Turkey to host regional meeting on Afghanistan

LONDON (Reuters) - Turkey will host a meeting of Afghanistan’s neighbours later this month in preparation for an international conference in London, Turkey said on Tuesday.

Turkey's Foreign Minister Ahmet Davutoglu smiles during a news conference with Britain's Foreign Secretary David Miliband at the Foreign and Commonwealth Office in London January 12, 2010. REUTERS/Luke MacGregor

The regional meeting on Afghanistan will be held in Turkey on January 26, a day after a previously-announced meeting there of the presidents of Turkey, Afghanistan and Pakistan, Foreign Minister Ahmet Davutoglu told a news conference in London.

The two meetings will pave the way for an international conference in London on Jan. 28, designed to chart a path to greater Afghan responsibility for its own security.

“There should be more Afghanisation in this process. There should be more regional ownership and there should be more international commitment,” Davutoglu said after talks with British Foreign Secretary David Miliband.

He said the Jan. 25 three-party meeting aimed to encourage much broader cooperation between Afghanistan and Pakistan.

“The next day, the 26th, we will have a regional conference in Turkey to assure this regional ownership (of the Afghan situation),” he said.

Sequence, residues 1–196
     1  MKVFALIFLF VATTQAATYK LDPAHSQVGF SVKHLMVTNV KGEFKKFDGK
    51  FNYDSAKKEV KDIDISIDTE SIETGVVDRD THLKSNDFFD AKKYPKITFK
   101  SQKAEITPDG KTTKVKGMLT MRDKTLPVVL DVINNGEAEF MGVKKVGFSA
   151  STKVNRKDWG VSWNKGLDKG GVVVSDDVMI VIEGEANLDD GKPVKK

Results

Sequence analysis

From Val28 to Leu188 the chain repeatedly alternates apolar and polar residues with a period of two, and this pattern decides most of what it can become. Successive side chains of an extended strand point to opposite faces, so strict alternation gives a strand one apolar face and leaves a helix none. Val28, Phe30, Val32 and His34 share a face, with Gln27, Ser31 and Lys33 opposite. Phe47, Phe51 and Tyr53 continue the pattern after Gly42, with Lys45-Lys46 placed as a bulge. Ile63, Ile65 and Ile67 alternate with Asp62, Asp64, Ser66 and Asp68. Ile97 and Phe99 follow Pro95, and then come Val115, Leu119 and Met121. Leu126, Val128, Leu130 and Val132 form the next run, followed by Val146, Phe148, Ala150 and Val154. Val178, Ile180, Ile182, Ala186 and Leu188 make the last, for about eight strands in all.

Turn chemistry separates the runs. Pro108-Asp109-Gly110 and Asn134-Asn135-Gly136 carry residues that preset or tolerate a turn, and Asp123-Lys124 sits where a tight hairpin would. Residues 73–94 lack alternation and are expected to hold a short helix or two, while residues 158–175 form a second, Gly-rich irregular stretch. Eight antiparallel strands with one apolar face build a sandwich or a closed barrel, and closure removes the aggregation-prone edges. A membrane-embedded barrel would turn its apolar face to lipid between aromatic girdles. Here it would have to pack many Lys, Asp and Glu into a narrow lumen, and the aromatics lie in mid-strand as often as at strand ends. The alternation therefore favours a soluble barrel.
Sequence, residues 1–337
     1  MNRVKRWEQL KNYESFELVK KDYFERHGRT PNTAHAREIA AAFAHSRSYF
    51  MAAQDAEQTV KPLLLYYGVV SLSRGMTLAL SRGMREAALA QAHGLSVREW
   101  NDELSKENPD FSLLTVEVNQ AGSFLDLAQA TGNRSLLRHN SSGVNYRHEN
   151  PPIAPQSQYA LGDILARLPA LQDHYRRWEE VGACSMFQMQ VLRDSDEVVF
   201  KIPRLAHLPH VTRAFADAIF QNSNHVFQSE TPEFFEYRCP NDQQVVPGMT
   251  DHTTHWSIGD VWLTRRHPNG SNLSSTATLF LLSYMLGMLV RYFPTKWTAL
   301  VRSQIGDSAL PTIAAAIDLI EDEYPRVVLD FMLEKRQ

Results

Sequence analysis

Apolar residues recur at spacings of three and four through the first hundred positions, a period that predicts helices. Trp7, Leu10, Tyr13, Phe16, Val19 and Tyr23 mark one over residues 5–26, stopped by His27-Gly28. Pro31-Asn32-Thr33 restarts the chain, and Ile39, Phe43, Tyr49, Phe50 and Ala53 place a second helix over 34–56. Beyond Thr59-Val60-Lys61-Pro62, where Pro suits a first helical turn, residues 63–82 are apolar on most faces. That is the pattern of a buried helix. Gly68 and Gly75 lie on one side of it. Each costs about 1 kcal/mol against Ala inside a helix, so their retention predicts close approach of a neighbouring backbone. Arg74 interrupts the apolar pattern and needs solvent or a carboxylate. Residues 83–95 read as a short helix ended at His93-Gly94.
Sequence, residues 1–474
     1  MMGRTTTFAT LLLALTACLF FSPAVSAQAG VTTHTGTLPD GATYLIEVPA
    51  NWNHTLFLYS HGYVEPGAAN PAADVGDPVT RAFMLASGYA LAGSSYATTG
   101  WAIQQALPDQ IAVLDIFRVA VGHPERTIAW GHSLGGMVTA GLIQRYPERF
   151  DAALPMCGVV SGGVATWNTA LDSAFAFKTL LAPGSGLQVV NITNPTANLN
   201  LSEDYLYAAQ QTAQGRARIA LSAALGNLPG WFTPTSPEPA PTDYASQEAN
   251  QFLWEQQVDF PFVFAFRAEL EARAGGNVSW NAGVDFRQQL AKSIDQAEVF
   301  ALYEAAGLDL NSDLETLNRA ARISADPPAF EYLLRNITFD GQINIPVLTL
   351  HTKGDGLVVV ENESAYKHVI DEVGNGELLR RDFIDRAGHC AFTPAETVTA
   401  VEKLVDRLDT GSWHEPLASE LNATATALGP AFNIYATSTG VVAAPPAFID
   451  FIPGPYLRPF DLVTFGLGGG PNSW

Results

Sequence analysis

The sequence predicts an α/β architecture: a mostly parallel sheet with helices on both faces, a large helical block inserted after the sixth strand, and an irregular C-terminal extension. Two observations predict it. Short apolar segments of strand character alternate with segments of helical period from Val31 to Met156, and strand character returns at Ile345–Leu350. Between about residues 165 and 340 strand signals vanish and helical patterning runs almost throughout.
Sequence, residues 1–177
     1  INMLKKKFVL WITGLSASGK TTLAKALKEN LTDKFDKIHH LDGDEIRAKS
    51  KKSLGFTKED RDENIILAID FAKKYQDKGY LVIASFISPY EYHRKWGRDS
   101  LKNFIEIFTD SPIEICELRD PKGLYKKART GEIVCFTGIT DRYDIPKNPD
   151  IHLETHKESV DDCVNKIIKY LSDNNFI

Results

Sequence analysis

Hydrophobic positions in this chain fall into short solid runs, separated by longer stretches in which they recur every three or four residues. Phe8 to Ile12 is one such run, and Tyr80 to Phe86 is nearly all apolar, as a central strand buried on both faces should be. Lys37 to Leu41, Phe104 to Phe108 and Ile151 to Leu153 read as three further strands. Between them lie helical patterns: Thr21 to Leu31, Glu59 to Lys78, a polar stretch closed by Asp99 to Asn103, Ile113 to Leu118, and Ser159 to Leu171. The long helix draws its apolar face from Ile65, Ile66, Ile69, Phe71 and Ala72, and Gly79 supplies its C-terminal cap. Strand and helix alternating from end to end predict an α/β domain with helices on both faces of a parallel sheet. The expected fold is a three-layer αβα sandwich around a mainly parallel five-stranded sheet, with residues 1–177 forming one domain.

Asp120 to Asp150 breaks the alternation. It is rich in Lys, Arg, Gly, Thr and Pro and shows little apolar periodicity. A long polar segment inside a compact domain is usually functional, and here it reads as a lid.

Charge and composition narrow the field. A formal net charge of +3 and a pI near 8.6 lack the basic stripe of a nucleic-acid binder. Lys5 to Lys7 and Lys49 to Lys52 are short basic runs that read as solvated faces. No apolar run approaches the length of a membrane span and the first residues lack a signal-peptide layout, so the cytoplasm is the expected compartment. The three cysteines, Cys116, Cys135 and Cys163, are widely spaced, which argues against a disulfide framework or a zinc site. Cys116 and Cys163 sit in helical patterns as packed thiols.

He did not say which countries would attend that meeting or how high-ranking the participants would be.

The meetings were part of a consistent strategy on Afghanistan agreed between Turkey and Britain, he said.

U.S. President Barack Obama is sending 30,000 extra troops to Afghanistan as part of a strategy to speed up training of Afghan forces and press President Hamid Karzai to improve governance after his re-election in a fraud-tainted vote last August. Last year was by far the deadliest year of the Afghan war for Western forces.

Miliband said an important aspect of the London conference would be to look at how Afghanistan’s neighbours could help support stability in Afghanistan.

The regional meeting, which he said would be held in Istanbul, would “ensure that the region itself takes ownership of the development of ideas, and possibly structures, for how the countries of the region could work with Afghanistan,” Miliband said.

Reporting by Adrian Croft; Editing by Matthew Jones